Tuesday will mark the end of a hotly contested race for a seat on the Surry County Board of Commissioners.
Five Republicans filed to run for the Mount Airy District seat held by Commissioner Jimmy Miller, and Miller is among the five vying to represent the residents of the Mount Airy-area on the board.
Since no Democrat filed to run for the seat, whoever walks away from the primary election as the Republican nominee will fill the seat starting in January of 2017.
As of Friday afternoon, 4,111 Surry County residents had already cast their votes in Tuesday’s election through early voting or absentee ballots, according to elections director Susan Jarrell. Those included 2,515 people who voted in the GOP primary.
With more than 40,000 registered voters in the county, and a high turn-out expected due to the presidential primary, victory is anybody’s to snag on Tuesday.
Making Tuesday’s stakes even higher, legislation passed by the General Assembly to redistrict the state’s congressional districts nullifies any need for a run-off election to take place.
Prior to the February redistricting, one of the five men running for the seat on the county board would have had to gain at least 40 percent of the vote to get the nod. If none of the five had hit that mark a run-off election would have occurred between the top two vote-getters.
Now the race will be decided on Tuesday, whether or not the winner has received 40 percent.
The seasoned veteran
If re-elected Miller, 82, will enter his eighth term as one of the two commissioners representing the Mount Airy District on the county board. First elected in 1988 after running one losing campaign, he’s been on the board for nearly 30 years.
Miller, who resides on West End Drive in Mount Airy, said his advantage is experience. His motivation, however, is continued service to the county’s more than 70,000 residents.
“I want to continue what I’m doing,” said Miller. “There are some things I started that I want to finish up.”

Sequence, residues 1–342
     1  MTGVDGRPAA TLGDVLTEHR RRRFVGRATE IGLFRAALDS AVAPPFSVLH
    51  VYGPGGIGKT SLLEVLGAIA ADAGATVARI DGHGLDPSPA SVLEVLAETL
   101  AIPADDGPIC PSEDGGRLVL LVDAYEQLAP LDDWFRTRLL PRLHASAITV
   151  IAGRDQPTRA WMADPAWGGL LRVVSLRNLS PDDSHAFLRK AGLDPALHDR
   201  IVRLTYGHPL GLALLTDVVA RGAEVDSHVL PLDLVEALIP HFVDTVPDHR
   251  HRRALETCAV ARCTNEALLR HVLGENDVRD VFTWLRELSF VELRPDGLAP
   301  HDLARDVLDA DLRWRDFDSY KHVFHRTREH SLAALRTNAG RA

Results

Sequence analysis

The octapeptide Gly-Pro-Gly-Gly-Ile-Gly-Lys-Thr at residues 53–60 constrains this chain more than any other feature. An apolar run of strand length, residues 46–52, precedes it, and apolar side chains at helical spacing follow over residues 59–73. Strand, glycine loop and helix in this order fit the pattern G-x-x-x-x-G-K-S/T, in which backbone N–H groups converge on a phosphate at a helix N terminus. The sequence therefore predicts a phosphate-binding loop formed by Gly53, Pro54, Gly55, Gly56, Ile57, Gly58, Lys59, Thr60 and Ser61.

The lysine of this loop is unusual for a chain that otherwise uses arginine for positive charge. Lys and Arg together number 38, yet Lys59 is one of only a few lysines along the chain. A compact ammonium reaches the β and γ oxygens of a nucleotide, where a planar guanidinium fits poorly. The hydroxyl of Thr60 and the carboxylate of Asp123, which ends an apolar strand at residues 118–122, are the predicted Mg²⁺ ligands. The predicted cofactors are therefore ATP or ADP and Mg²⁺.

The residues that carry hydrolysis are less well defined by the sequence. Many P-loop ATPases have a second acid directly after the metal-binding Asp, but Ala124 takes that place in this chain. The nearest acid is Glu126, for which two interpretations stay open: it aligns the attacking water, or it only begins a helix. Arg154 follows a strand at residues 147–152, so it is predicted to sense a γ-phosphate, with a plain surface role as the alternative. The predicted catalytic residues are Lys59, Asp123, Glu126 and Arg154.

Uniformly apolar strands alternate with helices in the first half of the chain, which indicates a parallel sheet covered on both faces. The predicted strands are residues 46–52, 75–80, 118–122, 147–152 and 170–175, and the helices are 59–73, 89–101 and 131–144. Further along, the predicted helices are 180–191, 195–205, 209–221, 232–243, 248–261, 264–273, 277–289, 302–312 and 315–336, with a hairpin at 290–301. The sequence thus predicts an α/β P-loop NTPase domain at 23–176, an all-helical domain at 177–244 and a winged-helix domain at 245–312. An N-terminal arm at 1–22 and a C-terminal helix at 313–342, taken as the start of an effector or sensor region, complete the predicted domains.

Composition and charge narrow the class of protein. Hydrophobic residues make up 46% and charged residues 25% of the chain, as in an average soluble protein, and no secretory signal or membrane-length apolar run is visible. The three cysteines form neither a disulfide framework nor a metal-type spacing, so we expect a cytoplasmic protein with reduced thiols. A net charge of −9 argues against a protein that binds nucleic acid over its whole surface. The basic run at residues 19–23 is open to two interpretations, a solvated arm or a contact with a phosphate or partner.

Miller said he has seen new schools and other projects completed during his tenure on the board. He also said he’s proud to have served Surry County in a “fair and honest” manner.
The long-time commissioner places providing for the capital needs of the county’s three school systems at the head of his agenda.
“We need to move forward with some of these (projects),” said Miller before questioning what the board had completed in the last four years. “We need progress.”
Miller is retired from Dixie Concrete and is a Korean War-era army veteran.
Larry Johnson, of Greystone Lane, started Johnson Granite more than 15 years ago. He’s now retired and in his down-time from church activities and volunteering for a local food bank, he says he wants to give being a county commissioner a shot.
If elected, he will do the job for free. Johnson, 64, said he will either not accept a paycheck for his time on the board, or he will donate it to a local charity.
Johnson is also the only candidate to have directly stated Miller is no longer the man for the job in the Mount Airy District.
“There’s one commissioner who works very hard (in the area of economic development),” said Johnson. “That’s Larry Phillips, but he isn’t up for re-election. We need change.”
Johnson did also state he “deeply respects” Miller and the work he has done in Surry County government.
Johnson said his business experience has prepared him well for the task of county commissioner, and he placed economic development at the top of his list.
Like Miller, Johnson also indicated the the needs of the county’s schools were important to him.
“We need to give them (schools) the very finest,” remarked Johnson at a candidates forum.
Bill Goins, 47, lives on Tanglewood Drive in Mount Airy. He’s a life-long educator with bachelor’s and master’s degrees from Appalachian State University.